Blessed are you, O Lord our God, King of the universe, who form light and create darkness, who make peace and create all things. In mercy You give light to the earth and to those who dwell in it, and in your goodness you renew the work of creation each day continually. How numerous are your works, O Lord! In wisdom you have made them all: the earth is full of your possessions. O King, alone exalted from aforetime, praised, glorified, and extolled from days of old, O eternal God, in your abundant mercies have mercy upon us, Lord of our strength, Rock of our refuge, Shield of our salvation, Refuge of ours!

The blessed God, whose knowledge is great, prepared and made the sun's rays: he formed a good which brings glory to his name. He set the heavenly luminaries round about his strength. The chief of his hosts are holy beings who exalt the Almighty, and continually declare the glory of his holiness. Be blessed, O Lord our God, for the excellence of your handiwork, and for the bright luminaries which you have made that they should glorify you.

Qedushah: Be blessed, O our Rock, Our King, Creator of ministering spirits, whose ministers stand one and all in the heights of the universe and proclaim aloud with awe in unison the words of the living God and eternal King. They are all beloved, all pure, all mighty, and they all in dread and awe perform the will of their Master; they all open their mouths in holiness and purity, with song and psalm, while they bless, praise, glorify, and ascribe power, holiness and sovereignty to the Name of God, the great, mighty, dreaded King, holy is He; and they take upon themselves the yoke of the kingdom of heaven one from another, and give sanction one to another to sanctify their Creator. In serenity of spirit, with pure speech and holy melody, they all respond in unison and exclaim with awe: ‘Holy, holy, holy is the Lord of hosts; the whole earth is full of his glory’ (Isa 6:3 ). The Ofannim and the Holy Creatures with great tumult raise themselves up towards the Seraphim; over against them they offer praise and say: ‘Blessed be the glory of the Lord from his dwelling place’ (Ezek 3:12 ).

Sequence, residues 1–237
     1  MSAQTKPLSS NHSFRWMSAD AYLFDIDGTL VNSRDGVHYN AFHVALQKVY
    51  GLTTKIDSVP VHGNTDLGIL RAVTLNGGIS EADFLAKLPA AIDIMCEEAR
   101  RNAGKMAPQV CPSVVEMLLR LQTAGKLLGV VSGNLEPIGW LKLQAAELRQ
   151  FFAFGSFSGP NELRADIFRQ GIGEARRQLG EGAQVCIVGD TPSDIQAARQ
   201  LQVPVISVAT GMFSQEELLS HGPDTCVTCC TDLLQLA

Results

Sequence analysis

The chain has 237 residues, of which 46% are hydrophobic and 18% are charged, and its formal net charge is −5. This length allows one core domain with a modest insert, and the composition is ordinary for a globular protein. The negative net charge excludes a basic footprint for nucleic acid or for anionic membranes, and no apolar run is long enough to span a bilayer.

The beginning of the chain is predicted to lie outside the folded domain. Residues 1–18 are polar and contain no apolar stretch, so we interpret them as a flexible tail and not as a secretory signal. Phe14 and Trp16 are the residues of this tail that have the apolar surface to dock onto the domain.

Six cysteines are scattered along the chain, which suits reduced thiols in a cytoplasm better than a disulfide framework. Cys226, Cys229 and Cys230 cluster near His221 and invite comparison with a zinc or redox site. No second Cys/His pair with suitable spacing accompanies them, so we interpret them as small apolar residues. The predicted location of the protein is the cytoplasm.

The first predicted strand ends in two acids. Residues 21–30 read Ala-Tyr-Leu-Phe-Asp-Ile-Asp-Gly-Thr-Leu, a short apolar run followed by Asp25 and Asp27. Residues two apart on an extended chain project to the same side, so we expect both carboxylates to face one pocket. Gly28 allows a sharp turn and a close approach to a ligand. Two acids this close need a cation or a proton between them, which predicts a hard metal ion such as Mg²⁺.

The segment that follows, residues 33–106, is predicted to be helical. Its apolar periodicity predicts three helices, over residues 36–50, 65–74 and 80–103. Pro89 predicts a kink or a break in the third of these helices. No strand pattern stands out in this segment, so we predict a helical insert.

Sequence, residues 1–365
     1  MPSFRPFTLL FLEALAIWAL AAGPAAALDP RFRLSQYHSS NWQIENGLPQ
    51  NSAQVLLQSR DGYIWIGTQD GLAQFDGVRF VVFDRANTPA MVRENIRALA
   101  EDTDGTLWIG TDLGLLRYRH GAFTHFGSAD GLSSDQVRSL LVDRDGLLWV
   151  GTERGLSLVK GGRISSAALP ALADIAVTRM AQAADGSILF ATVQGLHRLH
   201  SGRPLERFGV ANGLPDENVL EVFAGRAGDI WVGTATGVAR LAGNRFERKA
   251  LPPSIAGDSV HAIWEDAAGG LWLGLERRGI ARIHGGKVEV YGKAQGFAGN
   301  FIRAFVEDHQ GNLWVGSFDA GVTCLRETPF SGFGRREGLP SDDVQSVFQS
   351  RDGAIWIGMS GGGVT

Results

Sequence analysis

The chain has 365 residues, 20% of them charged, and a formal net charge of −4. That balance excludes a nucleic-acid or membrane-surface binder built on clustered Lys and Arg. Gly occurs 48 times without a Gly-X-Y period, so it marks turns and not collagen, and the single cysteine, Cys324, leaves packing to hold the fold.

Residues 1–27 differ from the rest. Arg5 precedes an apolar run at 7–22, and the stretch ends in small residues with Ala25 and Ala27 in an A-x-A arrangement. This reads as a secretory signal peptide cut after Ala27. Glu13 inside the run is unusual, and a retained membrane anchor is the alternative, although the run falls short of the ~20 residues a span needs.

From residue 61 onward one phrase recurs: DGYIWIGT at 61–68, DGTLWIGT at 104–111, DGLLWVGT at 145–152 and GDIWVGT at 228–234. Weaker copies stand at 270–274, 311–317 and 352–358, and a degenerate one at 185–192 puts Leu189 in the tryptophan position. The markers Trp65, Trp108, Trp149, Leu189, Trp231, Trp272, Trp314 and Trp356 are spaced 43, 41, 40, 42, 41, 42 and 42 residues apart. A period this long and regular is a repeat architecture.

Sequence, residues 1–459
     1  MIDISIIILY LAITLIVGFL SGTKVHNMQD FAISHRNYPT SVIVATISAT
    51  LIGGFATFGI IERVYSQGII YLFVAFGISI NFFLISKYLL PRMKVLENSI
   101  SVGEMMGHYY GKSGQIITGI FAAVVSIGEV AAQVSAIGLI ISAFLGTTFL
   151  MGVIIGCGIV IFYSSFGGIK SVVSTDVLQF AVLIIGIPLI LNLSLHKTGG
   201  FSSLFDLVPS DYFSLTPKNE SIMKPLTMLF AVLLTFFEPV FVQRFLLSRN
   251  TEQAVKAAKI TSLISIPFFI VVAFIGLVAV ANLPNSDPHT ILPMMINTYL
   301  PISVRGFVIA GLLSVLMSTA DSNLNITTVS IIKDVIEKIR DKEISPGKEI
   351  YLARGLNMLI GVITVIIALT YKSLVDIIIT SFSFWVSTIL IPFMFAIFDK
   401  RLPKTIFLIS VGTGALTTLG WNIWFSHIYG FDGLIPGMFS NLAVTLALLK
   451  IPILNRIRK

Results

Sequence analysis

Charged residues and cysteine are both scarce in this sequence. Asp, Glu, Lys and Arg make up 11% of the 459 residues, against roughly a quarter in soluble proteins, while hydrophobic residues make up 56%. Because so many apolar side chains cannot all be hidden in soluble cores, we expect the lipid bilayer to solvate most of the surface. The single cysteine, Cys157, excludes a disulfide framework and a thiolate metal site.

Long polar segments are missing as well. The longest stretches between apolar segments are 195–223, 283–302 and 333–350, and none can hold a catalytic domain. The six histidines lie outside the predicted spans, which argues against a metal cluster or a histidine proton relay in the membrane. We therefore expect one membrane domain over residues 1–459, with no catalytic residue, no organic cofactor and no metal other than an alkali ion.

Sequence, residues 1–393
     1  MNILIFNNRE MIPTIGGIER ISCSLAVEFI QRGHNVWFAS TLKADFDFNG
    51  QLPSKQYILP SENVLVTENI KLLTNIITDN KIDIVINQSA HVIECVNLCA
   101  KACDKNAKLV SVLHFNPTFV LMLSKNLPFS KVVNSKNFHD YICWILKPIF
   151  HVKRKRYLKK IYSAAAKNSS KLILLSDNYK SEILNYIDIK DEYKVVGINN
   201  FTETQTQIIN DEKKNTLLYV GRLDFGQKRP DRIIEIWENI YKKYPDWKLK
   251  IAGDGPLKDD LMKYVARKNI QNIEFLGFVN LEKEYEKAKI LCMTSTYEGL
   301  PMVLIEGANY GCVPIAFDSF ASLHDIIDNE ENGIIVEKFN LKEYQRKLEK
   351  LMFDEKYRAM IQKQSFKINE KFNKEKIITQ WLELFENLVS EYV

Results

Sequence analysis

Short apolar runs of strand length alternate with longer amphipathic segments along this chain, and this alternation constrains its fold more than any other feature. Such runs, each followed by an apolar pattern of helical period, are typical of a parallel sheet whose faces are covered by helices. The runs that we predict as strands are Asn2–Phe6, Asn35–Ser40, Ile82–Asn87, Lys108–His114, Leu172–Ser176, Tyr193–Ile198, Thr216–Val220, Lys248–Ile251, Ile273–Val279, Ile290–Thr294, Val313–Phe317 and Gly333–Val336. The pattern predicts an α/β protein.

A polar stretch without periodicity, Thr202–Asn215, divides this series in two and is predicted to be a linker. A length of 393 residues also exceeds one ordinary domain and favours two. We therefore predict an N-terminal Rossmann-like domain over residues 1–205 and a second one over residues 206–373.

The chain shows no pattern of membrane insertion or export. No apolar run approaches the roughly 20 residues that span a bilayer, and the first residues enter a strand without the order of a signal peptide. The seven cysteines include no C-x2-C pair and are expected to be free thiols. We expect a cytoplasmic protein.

To the blessed God they offer sweet melodies; to the King, the living and everlasting God, they utter hymns and declare their praises; for he alone performs mighty acts, and makes new things. He is the Lord of battles; he sows charitable deeds, causes salvation to spring forth, creates healing remedies, and is revered in praises. He is the Lord of wonders, who in his goodness renews the work of creation each day continually, as it is written: ‘Give thanks to him who made great lights, for his kindness endures for ever’ (Ps 136:7 ). Cause a new light to shine upon Zion, and may we all be worthy to enjoy its brightness. Blessed are you, O Lord, Creator of the heavenly luminaries.